Prehn K, Schlagenhauf F, Schulze L, Berger C, Vohs K, Fleischer M, Hauenstein K, Keiper P, Domes G, Herpertz SC. (2013): Neural correlates of risk taking in violent criminal offenders characterized by emotional hypo- and hyper-reactivity. Soc Neurosci 8(2):136-47.

Prehn K, Schulze L, Rossmann S, Berger C, Vohs K, Fleischer M, Hauenstein K, Keiper P, Domes G, Herpertz SC. (2013): Effects of emotional stimuli on working memory processes in male criminal offenders with borderline and antisocial personality disorder. World J Biol Psychiatry 14(1):71-8.

Prossin AR, Love TM, Koeppe RA, Zubieta JK, Silk KR. (2010): Dysregulation of regional endogenous opioid function in borderline personality disorder. Am J Psychiatry 167(8):925-33.

Pujara M, Motzkin JC, Newman JP, Kiehl KA, Koenigs M. (2014): Neural correlates of reward and loss sensitivity in psychopathy. Soc Cogn Affect Neurosci 9(6):794-801.

Rentrop M, Backenstrass M, Jaentsch B, Kaiser S, Roth A, Unger J, Weisbrod M, Renneberg B. (2008): Response inhibition in borderline personality disorder: performance in a Go/Nogo task. Psychopathology 41(1):50-7.

Reuter J, Raedler T, Rose M, Hand I, Glascher J, Buchel C. (2005): Pathological gambling is linked to reduced activation of the mesolimbic reward system. Nat Neurosci 8(2):147-8.

Richey JA, Rittenberg A, Hughes L, Damiano CR, Sabatino A, Miller S, Hanna E, Bodfish JW, Dichter GS. (2014): Common and distinct neural features of social and non-social reward processing in autism and social anxiety disorder. Soc Cogn Affect Neurosci 9(3):367-77.

Romanczuk-Seiferth N, Koehler S, Dreesen C, Wüstenberg T, Heinz A. (2015): Pathological gambling and alcohol dependence: neural disturbances in reward and loss avoidance processing. Addict Biol. 20(3):557-569.

Samanez-Larkin GR, Gibbs SE, Khanna K, Nielsen L, Carstensen LL, Knutson B. (2007): Anticipation of monetary gain but not loss in healthy older adults. Nat Neurosci 10(6):787-91.

Saß, H, Wittchen H-U, Zaudig M. & Houben I. (2003): Diagnostisches und Statistisches Manual Psychischer Störungen -Textrevision- DSM-IV-TR (German edition). Göttingen, Germany. Hogrefe

Scheres A, Milham MP, Knutson B, Castellanos FX. (2007): Ventral striatal hyporesponsiveness during reward anticipation in attention-deficit/hyperactivity disorder. Biol Psychiatry 61(5):720-4.

Schlagenhauf F, Dinges M, Beck A, Wüstenberg T, Friedel E, Dembler T, Sarkar R, Wrase J, Gallinat J, Juckel G and others. (2010): Switching schizophrenia patients from typical neuroleptics to aripiprazole: effects on working memory dependent functional activation. Schizophr Res 118(1-3):189-200.

Schlagenhauf F, Juckel G, Koslowski M, Kahnt T, Knutson B, Dembler T, Kienast T, Gallinat J, Wrase J, Heinz A. (2008): Reward system activation in schizophrenic patients switched from typical neuroleptics to olanzapine. Psychopharmacology (Berl) 196(4):673-84.

Schmahl C, Bremner JD. (2006): Neuroimaging in borderline personality disorder. J Psychiatr Res 40(5):419-27.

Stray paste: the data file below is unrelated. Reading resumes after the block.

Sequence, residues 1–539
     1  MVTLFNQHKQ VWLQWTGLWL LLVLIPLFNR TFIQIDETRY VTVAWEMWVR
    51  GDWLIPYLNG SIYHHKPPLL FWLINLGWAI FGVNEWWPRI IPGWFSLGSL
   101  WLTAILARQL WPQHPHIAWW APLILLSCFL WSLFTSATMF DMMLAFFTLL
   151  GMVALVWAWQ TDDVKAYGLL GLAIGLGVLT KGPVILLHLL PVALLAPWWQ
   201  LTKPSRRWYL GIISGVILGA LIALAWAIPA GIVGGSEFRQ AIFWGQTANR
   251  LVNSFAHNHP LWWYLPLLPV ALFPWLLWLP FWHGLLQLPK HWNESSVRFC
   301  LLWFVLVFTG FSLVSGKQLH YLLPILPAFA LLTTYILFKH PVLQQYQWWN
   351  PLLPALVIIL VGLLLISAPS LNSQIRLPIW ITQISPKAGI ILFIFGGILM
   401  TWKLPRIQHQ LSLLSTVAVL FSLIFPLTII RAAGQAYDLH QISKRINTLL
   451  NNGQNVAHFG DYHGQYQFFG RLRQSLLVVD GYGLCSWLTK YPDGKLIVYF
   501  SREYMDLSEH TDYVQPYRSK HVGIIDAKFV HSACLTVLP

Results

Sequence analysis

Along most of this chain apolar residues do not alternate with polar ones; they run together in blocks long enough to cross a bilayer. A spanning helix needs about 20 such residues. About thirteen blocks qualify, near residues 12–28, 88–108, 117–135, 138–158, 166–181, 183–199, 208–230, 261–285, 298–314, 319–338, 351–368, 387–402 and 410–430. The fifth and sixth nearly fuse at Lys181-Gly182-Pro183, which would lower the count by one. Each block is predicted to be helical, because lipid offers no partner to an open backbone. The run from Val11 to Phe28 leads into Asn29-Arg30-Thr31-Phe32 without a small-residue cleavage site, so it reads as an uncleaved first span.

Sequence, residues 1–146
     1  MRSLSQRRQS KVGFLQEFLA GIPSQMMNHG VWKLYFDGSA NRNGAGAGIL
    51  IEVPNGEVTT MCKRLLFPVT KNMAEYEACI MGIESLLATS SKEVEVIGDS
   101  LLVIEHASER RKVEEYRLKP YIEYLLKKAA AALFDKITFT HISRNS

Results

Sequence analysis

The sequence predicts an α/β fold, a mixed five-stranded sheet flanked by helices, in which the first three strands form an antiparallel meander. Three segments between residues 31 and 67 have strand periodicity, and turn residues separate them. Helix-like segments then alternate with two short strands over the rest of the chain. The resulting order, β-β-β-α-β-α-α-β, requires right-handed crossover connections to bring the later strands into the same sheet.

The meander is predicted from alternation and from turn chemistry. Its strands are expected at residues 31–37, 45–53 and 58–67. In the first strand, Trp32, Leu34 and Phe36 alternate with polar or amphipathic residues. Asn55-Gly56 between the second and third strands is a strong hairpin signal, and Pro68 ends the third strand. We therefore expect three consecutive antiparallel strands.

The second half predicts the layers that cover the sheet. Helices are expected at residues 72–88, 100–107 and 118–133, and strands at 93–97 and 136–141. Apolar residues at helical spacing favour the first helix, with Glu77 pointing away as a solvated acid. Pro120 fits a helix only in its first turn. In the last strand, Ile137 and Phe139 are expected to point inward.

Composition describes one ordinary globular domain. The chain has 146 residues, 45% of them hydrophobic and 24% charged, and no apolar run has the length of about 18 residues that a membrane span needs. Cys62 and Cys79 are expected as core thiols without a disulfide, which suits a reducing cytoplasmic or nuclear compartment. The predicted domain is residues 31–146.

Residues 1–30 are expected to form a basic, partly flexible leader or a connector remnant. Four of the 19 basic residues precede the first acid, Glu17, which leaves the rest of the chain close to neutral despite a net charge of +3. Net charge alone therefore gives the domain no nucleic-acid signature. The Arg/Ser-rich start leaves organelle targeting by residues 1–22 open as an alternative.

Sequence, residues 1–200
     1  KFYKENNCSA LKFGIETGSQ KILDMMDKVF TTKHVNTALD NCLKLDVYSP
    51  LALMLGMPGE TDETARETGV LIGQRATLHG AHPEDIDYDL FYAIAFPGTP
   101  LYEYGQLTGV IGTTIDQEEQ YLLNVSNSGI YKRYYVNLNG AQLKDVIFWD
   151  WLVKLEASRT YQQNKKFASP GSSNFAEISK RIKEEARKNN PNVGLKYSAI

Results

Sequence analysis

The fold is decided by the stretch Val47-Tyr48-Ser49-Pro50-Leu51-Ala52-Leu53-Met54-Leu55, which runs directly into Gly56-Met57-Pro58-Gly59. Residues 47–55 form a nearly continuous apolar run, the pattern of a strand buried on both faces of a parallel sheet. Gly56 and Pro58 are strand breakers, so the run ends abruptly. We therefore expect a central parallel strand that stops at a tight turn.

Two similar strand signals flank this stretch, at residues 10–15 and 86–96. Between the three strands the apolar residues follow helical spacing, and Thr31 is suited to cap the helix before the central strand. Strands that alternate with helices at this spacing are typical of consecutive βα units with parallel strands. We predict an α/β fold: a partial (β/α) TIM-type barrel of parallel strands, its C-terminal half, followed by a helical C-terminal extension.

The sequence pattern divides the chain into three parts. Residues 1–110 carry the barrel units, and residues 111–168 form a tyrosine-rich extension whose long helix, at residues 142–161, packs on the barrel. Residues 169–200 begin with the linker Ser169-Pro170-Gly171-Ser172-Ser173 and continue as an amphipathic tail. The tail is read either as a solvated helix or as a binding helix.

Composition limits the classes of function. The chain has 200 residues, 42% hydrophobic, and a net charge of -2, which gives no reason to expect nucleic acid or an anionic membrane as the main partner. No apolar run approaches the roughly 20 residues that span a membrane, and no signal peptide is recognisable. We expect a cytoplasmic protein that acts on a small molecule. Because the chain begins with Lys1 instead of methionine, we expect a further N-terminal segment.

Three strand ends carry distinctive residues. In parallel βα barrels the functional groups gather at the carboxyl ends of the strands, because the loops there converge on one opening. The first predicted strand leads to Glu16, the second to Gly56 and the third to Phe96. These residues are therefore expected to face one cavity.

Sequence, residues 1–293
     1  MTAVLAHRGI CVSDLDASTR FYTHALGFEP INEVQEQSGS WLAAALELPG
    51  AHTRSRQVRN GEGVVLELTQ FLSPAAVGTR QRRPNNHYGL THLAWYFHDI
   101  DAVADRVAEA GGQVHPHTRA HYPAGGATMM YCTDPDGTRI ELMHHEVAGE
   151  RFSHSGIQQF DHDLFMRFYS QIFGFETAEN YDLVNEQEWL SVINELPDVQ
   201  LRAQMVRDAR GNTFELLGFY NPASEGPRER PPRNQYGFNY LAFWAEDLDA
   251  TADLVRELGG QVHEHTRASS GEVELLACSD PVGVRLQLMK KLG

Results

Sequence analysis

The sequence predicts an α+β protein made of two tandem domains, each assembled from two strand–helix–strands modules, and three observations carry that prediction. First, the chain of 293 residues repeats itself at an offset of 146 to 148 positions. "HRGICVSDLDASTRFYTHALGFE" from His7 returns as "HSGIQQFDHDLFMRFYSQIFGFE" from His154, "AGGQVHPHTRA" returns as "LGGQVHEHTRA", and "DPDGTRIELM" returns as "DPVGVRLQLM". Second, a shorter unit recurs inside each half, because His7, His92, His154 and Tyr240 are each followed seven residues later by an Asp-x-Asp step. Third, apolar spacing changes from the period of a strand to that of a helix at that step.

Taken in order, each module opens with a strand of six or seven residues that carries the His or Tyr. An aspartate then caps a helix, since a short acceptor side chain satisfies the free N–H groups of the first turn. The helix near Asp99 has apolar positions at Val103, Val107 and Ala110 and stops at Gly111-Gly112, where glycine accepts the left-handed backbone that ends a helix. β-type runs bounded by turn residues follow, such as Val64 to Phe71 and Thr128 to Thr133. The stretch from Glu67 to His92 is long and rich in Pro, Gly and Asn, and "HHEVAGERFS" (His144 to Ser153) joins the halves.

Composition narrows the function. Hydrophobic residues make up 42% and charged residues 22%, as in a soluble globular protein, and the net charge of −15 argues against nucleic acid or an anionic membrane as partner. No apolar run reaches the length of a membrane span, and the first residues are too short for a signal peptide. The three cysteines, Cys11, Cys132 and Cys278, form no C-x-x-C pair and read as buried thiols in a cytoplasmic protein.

Schott BH, Minuzzi L, Krebs RM, Elmenhorst D, Lang M, Winz OH, Seidenbecher CI, Coenen HH, Heinze HJ, Zilles K and others. (2008): Mesolimbic functional magnetic resonance imaging activations during reward anticipation correlate with reward-related ventral striatal dopamine release. J Neurosci 28(52):14311-9.

Schott BH, Niehaus L, Wittmann BC, Schutze H, Seidenbecher CI, Heinze HJ, Düzel E. (2007): Ageing and early-stage Parkinson's disease affect separable neural mechanisms of mesolimbic reward processing. Brain 130(Pt 9):2412-24.

Schuermann B, Kathmann N, Stiglmayr C, Renneberg B, Endrass T. (2011): Impaired decision making and feedback evaluation in borderline personality disorder. Psychol Med 41(9):1917-27.

Schultz W. (1998): Predictive reward signal of dopamine neurons. J Neurophysiol 80(1):1-27.

Schultz W. (2007): Behavioral dopamine signals. Trends Neurosci 30(5):203-10.

Schwarzkopf DS, De Haas B, Rees G. (2012): Better ways to improve standards in brain-behavior correlation analysis. Front Hum Neurosci 6:200.

Scott DJ, Stohler CS, Egnatuk CM, Wang H, Koeppe RA, Zubieta JK. (2007): Individual differences in reward responding explain placebo-induced expectations and effects. Neuron 55(2):325-36.

Sebastian A, Jacob G, Lieb K, Tuscher O. (2013): Impulsivity in borderline personality disorder: a matter of disturbed impulse control or a facet of emotional dysregulation? Curr Psychiatry Rep 15(2):339.

Sebastian A, Jung P, Krause-Utz A, Lieb K, Schmahl C, Tuscher O. (2014): Frontal dysfunctions of impulse control - a systematic review in borderline personality disorder and attention-deficit/hyperactivity disorder. Front Hum Neurosci 8:698.

Skodol AE, Bender DS. (2003): Why are women diagnosed borderline more than men? Psychiatr Q 74(4):349-60.

Sonuga-Barke EJ. (2005): Causal models of attention-deficit/hyperactivity disorder: from common simple deficits to multiple developmental pathways. Biol Psychiatry 57(11):1231-8.

Speranza M, Revah-Levy A, Cortese S, Falissard B, Pham-Scottez A, Corcos M. (2011): ADHD in adolescents with borderline personality disorder. BMC Psychiatry 11:158.